Social Security Advisory Committee

From Wikipedia, the free encyclopedia
Jump to navigation Jump to search

The Social Security Advisory Committee (SSAC) is a statutory body that provides impartial advice to the UK government on social security issues. When the SSAC reports on government proposals for regulations the report must be presented to Parliament together with the regulations and a statement from the Secretary of State for Work and Pensions responding to any recommendations.

History[edit]

The Committee was formed in November 1980 and is now covered by the Social Security Administration Act 1992. It took over the advisory functions of the former Great Britain and Northern Ireland Supplementary Benefits Commissions and the National Insurance Advisory Committee, and also assumed advisory responsibility for family income supplement and child benefit which had not previously come within the scope of any advisory committee. The Social Security and Housing Benefits Act 1982 extended the Committee's responsibilities to cover advice on the new housing benefit scheme, replacing the Advisory Committee on Rent Rebates and Rent Allowances (ACRRRA) from April 1983.[1]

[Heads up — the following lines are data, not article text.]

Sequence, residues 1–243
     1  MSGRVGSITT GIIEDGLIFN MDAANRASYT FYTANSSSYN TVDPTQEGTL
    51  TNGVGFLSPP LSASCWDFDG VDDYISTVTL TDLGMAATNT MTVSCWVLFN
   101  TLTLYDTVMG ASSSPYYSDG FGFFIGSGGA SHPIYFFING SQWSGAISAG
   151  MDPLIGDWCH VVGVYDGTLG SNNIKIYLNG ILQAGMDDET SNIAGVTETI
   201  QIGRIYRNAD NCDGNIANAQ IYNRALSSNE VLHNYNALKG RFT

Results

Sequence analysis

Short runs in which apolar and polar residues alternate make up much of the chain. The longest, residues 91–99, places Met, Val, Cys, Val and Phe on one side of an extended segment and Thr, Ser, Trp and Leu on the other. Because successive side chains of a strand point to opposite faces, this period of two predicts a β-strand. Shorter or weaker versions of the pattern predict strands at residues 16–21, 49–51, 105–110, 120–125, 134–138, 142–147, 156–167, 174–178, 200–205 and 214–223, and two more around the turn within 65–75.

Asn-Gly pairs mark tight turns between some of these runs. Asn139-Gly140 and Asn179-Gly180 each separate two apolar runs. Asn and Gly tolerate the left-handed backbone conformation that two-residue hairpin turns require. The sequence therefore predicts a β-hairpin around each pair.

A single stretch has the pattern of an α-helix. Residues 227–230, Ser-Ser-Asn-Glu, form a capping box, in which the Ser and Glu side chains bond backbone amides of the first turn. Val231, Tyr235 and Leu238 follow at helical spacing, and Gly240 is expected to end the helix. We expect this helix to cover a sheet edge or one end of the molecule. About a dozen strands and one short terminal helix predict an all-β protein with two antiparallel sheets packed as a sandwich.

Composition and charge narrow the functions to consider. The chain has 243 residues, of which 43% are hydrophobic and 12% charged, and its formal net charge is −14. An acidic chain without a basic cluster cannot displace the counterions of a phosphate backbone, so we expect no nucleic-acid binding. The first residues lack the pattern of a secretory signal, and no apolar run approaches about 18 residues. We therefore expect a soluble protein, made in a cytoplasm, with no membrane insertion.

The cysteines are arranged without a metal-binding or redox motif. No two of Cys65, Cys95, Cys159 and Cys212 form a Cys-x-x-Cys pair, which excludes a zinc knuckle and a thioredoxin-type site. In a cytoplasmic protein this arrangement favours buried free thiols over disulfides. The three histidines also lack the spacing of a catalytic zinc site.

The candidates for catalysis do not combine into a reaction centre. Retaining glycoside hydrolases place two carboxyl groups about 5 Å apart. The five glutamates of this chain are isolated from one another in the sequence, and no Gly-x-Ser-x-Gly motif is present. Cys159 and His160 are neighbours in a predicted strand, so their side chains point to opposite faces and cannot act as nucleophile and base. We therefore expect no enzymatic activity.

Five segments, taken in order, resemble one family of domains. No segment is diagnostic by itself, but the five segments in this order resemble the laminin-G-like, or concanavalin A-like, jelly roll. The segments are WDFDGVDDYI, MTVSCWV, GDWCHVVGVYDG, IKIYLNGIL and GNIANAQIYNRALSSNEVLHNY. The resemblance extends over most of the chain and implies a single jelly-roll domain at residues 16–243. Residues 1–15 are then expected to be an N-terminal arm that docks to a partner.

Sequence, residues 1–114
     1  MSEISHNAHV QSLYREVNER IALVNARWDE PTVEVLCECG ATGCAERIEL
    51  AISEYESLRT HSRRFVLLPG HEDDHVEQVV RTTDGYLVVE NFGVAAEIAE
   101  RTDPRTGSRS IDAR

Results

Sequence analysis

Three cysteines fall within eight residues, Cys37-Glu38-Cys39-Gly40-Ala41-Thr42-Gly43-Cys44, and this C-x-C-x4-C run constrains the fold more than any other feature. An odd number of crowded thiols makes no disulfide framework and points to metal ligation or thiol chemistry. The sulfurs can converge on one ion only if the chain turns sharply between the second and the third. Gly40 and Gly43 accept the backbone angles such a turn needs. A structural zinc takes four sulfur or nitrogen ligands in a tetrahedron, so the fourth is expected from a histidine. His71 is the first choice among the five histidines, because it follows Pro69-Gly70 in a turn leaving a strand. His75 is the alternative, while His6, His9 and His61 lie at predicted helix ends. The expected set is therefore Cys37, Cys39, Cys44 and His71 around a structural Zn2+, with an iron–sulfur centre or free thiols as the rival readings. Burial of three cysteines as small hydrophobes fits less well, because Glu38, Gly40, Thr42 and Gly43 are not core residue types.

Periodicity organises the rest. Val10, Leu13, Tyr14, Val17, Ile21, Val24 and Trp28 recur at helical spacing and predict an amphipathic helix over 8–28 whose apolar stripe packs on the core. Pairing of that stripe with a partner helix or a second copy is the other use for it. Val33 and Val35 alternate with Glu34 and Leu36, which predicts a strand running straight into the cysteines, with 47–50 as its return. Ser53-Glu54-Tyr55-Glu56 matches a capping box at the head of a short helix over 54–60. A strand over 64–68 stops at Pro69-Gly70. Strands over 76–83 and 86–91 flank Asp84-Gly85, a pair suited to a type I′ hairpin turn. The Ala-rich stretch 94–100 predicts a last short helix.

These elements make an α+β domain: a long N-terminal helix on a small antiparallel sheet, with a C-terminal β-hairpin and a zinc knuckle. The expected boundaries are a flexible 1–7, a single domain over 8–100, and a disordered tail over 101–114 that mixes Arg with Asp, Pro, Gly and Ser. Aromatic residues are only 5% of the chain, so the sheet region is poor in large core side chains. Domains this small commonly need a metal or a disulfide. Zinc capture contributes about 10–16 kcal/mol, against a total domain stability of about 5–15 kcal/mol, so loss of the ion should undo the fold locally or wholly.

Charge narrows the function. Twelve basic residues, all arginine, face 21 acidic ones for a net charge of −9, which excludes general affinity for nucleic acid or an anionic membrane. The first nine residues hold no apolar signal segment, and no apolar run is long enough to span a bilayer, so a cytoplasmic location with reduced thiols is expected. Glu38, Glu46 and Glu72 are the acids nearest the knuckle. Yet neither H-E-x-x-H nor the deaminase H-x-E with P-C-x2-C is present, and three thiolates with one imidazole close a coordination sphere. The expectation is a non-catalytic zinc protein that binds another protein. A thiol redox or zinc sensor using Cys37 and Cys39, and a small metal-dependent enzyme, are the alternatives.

Notable members[edit]

Chairs[edit]

Members[edit]

References[edit]

  1. ^ SSAC - About Archived 2008-12-15 at the Wayback Machine
  2. ^ Paul Gray appointed as interim chair of the Social Security Advisory Committee
  3. ^ Paul Gray proposed as the next Social Security Advisory Committee chair
  4. ^ Deep Sagar proposed as the next Social Security Advisory Committee Chair
  5. ^ Department for Work and Pensions - Social Security Advisory Committee publishes seventeenth report Archived 2007-06-23 at the Wayback Machine
  6. ^ Aston University - Aston appoints new chancellor - Sir Michael Bett CBE
  7. ^ Joseph Rowntree Foundation - Sir Peter Barclay retires from JRF chair Archived 2006-11-05 at the Wayback Machine
  8. ^ Hansard 28 October 1980 vol 991 c266
  9. ^ "STEVENSON, Prof. Olive". Who Was Who. Oxford University Press. April 2016. Retrieved 16 January 2017.

External links[edit]